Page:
Educational Success Program


Educational Success

“The Educational Success programs encourage students to identify and pursue whatever journey is right for them, whether that be attending community college, technical school or university, entering the workforce, or joining the military. From tuition assistance, to computers and textbooks, to resources and support – we provide the tools they need to succeed.”

– Jarod Wilson, Senior Director of Impact and Programming

From Foster Care to Yale

It was a big decision — one the biggest decisions he has ever made.

Johntrell, one of the hundreds of young people who participate in the Education and Training Voucher (ETV) program each year, had been accepted to some of the most prestigious graduate programs in the country.

The 26 year old, who spent time in the foster care system in Northwest Indiana as a teenager, was steps closer to making his dreams a reality. But first, he needed to decide between Brown University, University of Pennsylvania, University of California – Berkeley, University of North Carolina, and Yale University.

Johntrell graduated from the University of Virginia in 2020 and moved to Philadelphia where he spent his first year out of school working for the government. He then spent two years as a health consultant. But he knew he wanted to make a career shift that would propel him to stand with courage and conviction, advocating for minority and underserved communities’ health needs on an international level.

He didn’t have the money to visit all the schools he applied to, but he remembered that, through Foster Success, he had an opportunity – they would match his savings up to $3500.

He had participated in the Works Wonders® and Opportunity Passport™ programs. Through Opportunity Passport™, he had access to that $3500 match. He asked Hannah Milner, Director of Health & Financial Well-Being, if he could use it for something unique — most use it to buy a car or make a down payment on an apartment. Program staff looked into it and decided he could use it to visit the universities he had been accepted to.

“I knew it was a big decision for me — an obvious investment — so I made sure I did my due diligence. I wasn’t getting caught up on the name. I wanted to see what everything was like — campus, culture, city, student life, academics, everything,” Johntrell said.

In the end, he landed on Yale, where he started graduate school this fall. But it was the ETV program and Education Coordinator Leona Gray that made it all possible.

Foster Success supported over 300 students last year, providing more than $2 million for college or training programs. According to the most recent impact survey, 74% made significant progress toward a higher education goal.

The young people Foster Success supports are persistent. Of those who did not complete a degree or credential by June, 95% said they plan to continue their education in the fall, according to the survey. Johntrell, admittedly, was not a good high school student. He had a lot on his plate at the time, he said.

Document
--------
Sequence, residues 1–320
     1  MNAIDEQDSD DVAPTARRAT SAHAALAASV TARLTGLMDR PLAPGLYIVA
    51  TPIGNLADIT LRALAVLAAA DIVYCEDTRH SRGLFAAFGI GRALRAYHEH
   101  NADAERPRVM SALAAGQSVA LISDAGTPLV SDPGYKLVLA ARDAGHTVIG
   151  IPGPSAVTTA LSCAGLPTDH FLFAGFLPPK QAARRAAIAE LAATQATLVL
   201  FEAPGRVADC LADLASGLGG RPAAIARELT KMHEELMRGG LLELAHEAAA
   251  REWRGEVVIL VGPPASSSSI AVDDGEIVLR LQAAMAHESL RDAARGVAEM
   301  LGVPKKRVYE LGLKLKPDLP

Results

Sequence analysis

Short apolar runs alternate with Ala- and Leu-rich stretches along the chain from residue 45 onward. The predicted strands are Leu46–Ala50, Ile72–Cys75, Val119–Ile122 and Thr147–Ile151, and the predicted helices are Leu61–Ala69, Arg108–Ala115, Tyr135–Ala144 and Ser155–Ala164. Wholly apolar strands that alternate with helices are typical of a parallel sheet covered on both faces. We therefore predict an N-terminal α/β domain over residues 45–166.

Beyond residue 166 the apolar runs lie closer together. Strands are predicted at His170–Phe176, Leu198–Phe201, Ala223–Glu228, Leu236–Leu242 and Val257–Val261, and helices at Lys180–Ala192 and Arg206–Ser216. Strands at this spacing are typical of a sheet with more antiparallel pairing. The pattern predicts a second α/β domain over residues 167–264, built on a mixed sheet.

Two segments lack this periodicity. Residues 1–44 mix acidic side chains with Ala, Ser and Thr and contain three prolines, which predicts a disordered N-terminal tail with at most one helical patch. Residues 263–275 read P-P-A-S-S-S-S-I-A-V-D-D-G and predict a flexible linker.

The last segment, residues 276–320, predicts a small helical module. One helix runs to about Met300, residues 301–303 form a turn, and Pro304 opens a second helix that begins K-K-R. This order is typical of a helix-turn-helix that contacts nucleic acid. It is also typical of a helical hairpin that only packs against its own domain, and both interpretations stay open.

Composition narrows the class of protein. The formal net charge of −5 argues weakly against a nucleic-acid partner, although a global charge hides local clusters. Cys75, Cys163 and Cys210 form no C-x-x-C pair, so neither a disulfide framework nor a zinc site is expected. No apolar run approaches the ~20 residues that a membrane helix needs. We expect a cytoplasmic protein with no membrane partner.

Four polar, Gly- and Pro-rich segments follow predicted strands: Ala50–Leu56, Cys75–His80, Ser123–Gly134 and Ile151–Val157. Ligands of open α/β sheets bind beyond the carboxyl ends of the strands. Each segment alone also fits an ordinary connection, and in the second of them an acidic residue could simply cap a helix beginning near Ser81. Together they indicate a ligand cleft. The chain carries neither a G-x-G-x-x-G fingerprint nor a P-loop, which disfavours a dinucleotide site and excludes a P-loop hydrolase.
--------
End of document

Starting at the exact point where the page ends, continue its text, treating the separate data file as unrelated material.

“I think when people look at me they think I was this perfect student. I wasn’t. Full disclosure, I was almost expelled from high school. Something I see often in foster care is when children make a mistake, the system wants to throw you out. There isn’t a perfect student. I’ve had a lot of struggles, and the struggles will continue. Foster youth are dealing with a lot of external forces. Be patient with them,” he said.

“That’s why I value community so much. If I lost everything today, I would still have everything because I have a community of people who have given me everything.”

With the support of Foster Success and his community of people, Johntrell turned things around. Now, he hopes to make a difference globally. “My goal is to be sort of a liaison between domestic and international public health crises, not secluded to one country or areas. I want to work to merge those commonalities to find practical solutions to public health problems.

How have solutions in other parts of the country proven helpful? … working with politicians and public and private industries to figure that out,” he said.

Impact Educational Success Johntrell
His advice to other teens and young adults with foster care experience is simple: Believe in yourself, even when it feels like nobody else does.

“If you want to be something in life, there are people who will help you be that something. Take the steps to understand who you are and what your interests are. Connect with the right people who can help you explore that. The traditional route isn’t for everyone. Walk your own path. Create your own path,” he said.

“I understand there are cards that were dealt to you, but reshuffle, redraw. Find ways that you don’t have to follow this preset path that you believe was created for you. Be around people who believe in you.”

young people supported


distributed to young people


of young people plan to continue their education


of young people enrolled in higher education made significant progress toward their educational goals


of young people said Foster Success helped them meet their educational goal

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